No one ever knows the full story of another’s life – all the moments and adventures which comprise our life’s journeys. What we can do is remember with affection the times when we have walked the same road together – whether that time was long or short, David’s memory will live on.
It was with great sadness and loss, but also honour, that I was able to speak at David’s funeral service on 25 August 2018 about some of his many professional achievements and his significant involvement in the AusIMM.
I first met David about 15 years ago, shortly after relocating to Adelaide and becoming involved in the local AusIMM Branch Committee. In the early days we had many a passionate debate and some differing opinions, only to find out over the ensuing years that we had a great deal in common and from these shared beliefs and values a great friendship developed alongside our professional relationship.
David Martin Pollard was born in Ballarat in January 1945, a son to Jean and Syd and younger brother to Geoffrey. David was a member of the AusIMM for 58 years, having joined in April 1961 as a student in the first year of his Diploma at the Ballarat School of Mines and Industry.
He always used to tell me that he was the youngest person to ever join the AusIMM and I thought he was joking but, it would appear that at the age of 16, this is absolutely true.
Whilst he was working at the Port Kembla Steelworks it was suggested to David that he convert his diploma to a degree.
His move to Melbourne University proved to be a huge milestone in his life both personally and professionally. He graduated from the University of Melbourne with a BSc (Hons) in 1969 where he lived on campus at Ormond College and was involved in organising many undergrad activities such as social nights.
It was also at Melbourne University that he met Judith. They were married in 1974 (for 44 years in total), later becoming a family in their own right with the arrival of their children Kathryn and Stephen.
David lectured metallurgy for 14 years at the University of Melbourne until the department was closed and in 1982 he accepted a post as a lecturer in metallurgy at the South Australian Institute of Technology (SAIT). I have heard many reflections on this time at SAIT, and particularly how patient David was in teaching primary metallurgy to the ‘dumb’ mining engineers – their words not mine! Seven years later David left SAIT and worked for the Australian Mineral Foundation (AMF) until 2001.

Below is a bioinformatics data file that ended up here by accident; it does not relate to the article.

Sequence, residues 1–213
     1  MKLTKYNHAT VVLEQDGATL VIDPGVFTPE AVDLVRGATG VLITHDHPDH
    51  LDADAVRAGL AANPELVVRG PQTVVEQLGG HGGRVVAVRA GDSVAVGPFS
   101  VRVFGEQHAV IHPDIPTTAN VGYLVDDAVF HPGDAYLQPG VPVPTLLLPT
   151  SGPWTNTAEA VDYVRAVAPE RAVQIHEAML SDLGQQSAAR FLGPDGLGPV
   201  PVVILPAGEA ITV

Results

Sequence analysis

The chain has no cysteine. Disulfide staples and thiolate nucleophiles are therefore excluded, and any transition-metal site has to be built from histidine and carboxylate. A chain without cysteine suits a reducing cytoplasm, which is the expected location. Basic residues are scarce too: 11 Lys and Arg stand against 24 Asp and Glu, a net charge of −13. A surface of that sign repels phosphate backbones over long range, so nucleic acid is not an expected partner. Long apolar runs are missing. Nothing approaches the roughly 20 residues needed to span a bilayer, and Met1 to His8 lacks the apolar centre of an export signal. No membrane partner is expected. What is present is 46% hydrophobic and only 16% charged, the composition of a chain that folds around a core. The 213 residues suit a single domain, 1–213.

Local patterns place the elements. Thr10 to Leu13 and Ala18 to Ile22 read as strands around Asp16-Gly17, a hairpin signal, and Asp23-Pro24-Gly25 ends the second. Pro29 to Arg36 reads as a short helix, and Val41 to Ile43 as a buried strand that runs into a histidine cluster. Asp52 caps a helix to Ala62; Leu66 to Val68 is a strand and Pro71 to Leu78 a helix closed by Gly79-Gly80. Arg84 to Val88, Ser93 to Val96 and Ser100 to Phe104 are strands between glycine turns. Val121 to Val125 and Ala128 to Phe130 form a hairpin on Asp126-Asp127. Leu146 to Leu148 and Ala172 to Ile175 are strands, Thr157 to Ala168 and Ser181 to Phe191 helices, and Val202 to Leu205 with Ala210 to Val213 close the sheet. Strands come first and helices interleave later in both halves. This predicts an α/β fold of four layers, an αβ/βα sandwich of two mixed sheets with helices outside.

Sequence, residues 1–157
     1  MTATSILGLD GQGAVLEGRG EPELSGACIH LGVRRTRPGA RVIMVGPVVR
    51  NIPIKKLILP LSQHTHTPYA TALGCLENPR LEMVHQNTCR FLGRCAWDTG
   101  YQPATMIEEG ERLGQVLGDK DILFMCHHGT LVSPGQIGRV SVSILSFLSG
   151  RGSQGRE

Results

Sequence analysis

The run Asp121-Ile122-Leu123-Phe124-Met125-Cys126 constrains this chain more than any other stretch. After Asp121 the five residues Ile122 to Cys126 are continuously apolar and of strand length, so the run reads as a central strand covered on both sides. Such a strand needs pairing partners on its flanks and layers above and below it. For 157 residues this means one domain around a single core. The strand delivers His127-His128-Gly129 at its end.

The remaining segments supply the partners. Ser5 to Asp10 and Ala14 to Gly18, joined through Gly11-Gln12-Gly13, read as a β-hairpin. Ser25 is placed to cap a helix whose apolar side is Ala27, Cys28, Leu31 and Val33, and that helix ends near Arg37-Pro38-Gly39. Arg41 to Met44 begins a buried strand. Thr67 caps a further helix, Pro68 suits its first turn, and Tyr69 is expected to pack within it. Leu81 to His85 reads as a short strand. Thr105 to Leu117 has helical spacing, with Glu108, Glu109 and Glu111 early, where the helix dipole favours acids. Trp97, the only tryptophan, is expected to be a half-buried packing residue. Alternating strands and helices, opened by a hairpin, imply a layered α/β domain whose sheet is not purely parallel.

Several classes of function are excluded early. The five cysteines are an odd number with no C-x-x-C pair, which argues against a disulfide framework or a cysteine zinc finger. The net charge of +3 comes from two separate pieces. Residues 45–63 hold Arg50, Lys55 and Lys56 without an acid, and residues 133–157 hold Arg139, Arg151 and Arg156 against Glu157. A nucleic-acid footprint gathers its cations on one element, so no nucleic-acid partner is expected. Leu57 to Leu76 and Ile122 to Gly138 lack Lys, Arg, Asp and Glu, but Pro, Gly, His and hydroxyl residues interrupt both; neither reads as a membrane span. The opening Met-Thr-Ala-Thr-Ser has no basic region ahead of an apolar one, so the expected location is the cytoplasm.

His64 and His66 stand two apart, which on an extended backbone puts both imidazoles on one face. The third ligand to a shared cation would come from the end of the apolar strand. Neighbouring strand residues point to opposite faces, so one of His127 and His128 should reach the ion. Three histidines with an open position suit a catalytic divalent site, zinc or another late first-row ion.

During this time, David relocated his mother from Ballarat to Adelaide and he was a daily visitor both at her own home and later when she needed the extra support within residential care. He was Education Manager for AMF from 1988 until 2001 where he greatly expanded the scope of the professional development program.
David then established himself as a consultant and set up Salamander Consulting, providing professional development opportunities to effectively address an emerging gap in the field. Similarly, David never lost his enthusiasm for mentoring students and offered willing support.
He chaired the AusIMM Adelaide Branch in 1988 for a period soon after he and Judith relocated here and then again in 2007 and 2008, reluctantly resigning from the Committee in 2015. He was a member of the AusIMM’s Education and Accreditation Committee from 1993 until 2007, as well as the South Australian Chamber of Mines education committee and served on the Graduate Work Readiness Taskforce from 2014-2015.